Moreover, the irony is greatly intelligent because the free lunch was an honor given to champion athletes and prominent citizens. Thus, Socrates by making this petition was actually asking to be honored in a traditional Athenian way! So, he was actually reinforcing the old values in relation with Justice and Truth, in opposition to the new ones, and at the same time, showing with his action what was to be a philosopher, a lover of wisdom from which he was ready to die for.
Hence, Socrates showed that he was sincerely, seriously, piously concerned about the souls of his fellow citizens. He was stinging them like a gadfly but for their own good, because he thought men could be perfectible and aspire to moral virtue. That is why they should give him free lunch! And by the way, here is the moment when Plato managed to introduce his own ideas in the voice of Socrates since this gives him the opportunity to speak of his own conception of death and the immortality of the soul as he will do in book 10 of the Republic with the myth of Er, in the Gorgias and in the Phaedo. But let’s see how he closes the Apology in Socrates’ final speech:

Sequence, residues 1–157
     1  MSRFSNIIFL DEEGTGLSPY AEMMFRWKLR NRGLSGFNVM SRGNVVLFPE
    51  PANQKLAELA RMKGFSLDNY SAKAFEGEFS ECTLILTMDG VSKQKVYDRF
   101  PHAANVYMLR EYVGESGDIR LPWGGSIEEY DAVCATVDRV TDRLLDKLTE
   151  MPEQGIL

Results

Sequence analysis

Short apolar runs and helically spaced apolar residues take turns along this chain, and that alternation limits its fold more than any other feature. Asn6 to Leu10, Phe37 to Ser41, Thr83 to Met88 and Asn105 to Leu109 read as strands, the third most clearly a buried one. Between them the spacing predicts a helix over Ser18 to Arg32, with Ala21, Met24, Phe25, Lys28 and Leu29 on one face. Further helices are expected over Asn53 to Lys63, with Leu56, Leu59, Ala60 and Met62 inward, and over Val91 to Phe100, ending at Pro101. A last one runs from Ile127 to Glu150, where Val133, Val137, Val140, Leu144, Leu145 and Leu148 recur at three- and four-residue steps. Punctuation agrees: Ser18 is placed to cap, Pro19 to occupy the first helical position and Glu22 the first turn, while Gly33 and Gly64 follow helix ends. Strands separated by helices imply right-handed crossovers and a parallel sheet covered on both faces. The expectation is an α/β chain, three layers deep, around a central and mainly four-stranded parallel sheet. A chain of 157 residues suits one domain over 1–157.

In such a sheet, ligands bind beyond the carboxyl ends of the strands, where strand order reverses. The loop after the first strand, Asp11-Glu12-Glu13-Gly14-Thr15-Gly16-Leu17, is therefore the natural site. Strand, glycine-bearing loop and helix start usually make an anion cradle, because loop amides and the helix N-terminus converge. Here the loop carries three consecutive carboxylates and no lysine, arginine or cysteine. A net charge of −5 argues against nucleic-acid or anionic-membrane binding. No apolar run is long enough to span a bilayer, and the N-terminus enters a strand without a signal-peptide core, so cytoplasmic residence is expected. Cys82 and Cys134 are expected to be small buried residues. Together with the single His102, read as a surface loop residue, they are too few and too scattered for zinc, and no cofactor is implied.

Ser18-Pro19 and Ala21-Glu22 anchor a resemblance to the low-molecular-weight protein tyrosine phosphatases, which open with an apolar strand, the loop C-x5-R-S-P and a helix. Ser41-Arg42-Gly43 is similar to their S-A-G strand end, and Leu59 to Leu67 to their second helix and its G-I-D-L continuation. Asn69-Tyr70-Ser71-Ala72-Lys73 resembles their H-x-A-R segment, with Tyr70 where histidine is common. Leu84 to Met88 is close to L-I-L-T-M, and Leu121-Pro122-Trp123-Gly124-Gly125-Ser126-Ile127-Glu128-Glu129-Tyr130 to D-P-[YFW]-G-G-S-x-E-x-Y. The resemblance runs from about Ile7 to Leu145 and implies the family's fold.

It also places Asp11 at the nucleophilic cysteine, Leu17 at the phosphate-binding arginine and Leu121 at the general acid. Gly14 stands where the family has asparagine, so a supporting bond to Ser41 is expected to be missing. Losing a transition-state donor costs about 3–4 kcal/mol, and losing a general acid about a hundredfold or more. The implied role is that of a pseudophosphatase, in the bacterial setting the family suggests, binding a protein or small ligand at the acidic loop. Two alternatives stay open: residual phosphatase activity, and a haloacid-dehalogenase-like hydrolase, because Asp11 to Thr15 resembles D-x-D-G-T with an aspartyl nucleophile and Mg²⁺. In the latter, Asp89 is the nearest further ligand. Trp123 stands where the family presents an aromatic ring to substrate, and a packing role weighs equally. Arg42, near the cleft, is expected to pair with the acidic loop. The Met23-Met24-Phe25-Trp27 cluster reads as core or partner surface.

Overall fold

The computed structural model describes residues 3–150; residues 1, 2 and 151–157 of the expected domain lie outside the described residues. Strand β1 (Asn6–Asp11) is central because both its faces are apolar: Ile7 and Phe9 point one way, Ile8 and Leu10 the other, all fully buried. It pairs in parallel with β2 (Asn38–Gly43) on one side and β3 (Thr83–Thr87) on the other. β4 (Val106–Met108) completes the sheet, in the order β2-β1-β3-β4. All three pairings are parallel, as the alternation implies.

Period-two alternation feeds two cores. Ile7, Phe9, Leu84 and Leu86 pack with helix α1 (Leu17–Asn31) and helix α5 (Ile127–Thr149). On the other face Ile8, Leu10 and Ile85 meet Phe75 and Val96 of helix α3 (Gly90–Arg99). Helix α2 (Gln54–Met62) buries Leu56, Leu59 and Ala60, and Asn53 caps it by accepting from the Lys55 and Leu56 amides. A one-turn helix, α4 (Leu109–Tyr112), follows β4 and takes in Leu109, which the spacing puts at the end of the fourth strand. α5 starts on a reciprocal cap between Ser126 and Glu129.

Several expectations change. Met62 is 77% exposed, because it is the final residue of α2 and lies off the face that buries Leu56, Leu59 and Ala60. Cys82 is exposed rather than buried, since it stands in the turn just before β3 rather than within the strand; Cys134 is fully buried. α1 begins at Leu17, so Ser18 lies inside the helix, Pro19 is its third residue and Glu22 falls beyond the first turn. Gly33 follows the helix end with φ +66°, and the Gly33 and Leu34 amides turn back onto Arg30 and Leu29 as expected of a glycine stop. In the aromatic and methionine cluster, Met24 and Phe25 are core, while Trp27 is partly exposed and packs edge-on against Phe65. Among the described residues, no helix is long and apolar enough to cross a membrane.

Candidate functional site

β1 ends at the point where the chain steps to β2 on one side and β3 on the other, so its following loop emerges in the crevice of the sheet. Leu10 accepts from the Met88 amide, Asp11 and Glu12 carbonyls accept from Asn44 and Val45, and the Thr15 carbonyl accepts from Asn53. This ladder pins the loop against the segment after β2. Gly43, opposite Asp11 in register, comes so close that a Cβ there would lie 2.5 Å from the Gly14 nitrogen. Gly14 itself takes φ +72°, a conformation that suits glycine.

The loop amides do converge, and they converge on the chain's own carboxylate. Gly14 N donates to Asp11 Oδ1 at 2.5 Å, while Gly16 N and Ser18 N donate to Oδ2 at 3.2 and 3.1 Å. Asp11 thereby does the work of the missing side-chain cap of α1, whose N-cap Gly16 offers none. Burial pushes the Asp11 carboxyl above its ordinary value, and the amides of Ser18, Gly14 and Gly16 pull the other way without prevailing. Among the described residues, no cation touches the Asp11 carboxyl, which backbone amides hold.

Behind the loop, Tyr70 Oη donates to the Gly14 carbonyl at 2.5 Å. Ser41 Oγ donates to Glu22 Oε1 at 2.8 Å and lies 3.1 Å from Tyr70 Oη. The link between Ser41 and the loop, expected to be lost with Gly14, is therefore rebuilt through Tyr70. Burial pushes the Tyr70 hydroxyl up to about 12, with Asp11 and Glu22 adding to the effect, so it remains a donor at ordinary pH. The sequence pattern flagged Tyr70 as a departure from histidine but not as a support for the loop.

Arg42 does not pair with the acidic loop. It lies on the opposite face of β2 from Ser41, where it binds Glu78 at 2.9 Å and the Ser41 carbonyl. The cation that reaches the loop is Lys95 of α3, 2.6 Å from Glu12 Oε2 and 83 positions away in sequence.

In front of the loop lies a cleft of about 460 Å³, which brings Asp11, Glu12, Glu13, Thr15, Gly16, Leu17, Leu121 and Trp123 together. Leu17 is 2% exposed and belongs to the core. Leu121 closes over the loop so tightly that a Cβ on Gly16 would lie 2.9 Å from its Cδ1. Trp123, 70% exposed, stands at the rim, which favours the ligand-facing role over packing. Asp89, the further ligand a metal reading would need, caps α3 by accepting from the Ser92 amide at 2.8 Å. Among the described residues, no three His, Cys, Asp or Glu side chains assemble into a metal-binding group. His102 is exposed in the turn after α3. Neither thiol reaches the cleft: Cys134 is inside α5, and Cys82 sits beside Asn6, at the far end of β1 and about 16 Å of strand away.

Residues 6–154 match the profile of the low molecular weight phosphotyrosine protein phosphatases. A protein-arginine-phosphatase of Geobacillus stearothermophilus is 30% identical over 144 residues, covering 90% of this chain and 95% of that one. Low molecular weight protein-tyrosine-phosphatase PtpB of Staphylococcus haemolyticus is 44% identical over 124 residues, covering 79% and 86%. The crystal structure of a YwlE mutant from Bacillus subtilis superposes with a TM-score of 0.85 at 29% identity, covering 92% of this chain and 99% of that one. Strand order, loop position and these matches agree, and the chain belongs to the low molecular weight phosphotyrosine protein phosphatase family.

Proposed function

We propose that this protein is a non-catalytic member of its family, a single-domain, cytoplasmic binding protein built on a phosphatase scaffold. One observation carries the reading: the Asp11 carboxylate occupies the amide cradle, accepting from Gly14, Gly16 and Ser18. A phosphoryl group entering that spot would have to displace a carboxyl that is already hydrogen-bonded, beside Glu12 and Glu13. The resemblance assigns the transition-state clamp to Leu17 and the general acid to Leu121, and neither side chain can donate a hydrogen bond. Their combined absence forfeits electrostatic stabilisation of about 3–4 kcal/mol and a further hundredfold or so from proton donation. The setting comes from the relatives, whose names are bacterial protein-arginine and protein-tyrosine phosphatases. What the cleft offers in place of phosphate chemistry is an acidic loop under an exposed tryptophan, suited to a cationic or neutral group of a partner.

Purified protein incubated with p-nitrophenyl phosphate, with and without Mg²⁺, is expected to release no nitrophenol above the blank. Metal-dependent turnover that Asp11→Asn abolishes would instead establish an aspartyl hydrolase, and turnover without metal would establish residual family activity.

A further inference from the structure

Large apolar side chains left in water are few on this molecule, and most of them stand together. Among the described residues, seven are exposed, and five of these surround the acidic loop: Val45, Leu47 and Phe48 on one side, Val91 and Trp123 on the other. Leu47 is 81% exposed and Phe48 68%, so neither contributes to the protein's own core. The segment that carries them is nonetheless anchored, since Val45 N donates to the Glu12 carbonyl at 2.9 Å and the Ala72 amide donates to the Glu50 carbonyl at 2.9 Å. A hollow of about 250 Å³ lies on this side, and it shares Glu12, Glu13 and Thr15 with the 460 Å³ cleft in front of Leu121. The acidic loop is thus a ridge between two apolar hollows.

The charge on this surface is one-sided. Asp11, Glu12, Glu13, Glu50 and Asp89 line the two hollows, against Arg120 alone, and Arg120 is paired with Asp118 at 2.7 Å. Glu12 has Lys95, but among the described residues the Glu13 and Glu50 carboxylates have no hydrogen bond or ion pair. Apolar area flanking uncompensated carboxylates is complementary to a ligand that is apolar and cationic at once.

[39e] Friends, who would have acquitted me, I would like also to talk with you about this thing which has happened, while the magistrates are busy, and before I go to the place at which I must die. Stay then awhile, for we may as well talk [diamuthologeîn = speak through mūthos] with one another while there is time. [40a] You are my friends, and I should like to show you the meaning of this event which has happened to me. O my judges—for you I may truly call judges—I should like to tell you of a wonderful circumstance. In the past, the oracular [mantikē] art of the superhuman thing [to daimonion] within me was in the habit of opposing me, each and every time, even about minor things, if I was going to do anything not correctly [orthōs]. But now that these things, as you can see, have happened to me—things that anyone would consider, by general consensus, to be the worst possible things to happen to someone— |40b the signal [to sēmeion] of the god [theos] has not opposed me, either as I was leaving my house and going out in the morning, or when I was coming up to this place of judgment, or as I was speaking. No, it has not opposed me about anything I was going to say, though on other occasions when I was speaking, it [= the signal] has often stopped me, even when I was in the middle of saying something. But now in nothing I either said or did concerning this matter has it opposed me. So, what do I take to be the explanation of this? I will tell you. Perhaps this is a proof that what has happened to me is something good [agathon], |40c and it cannot be that we are thinking straight [orthōs] if we think that death is something bad [kakon]. This is a great proof to me of what I am saying, since the signal [to sēmeion] that I am used to would surely have opposed me if I had been heading toward something not good [agathon].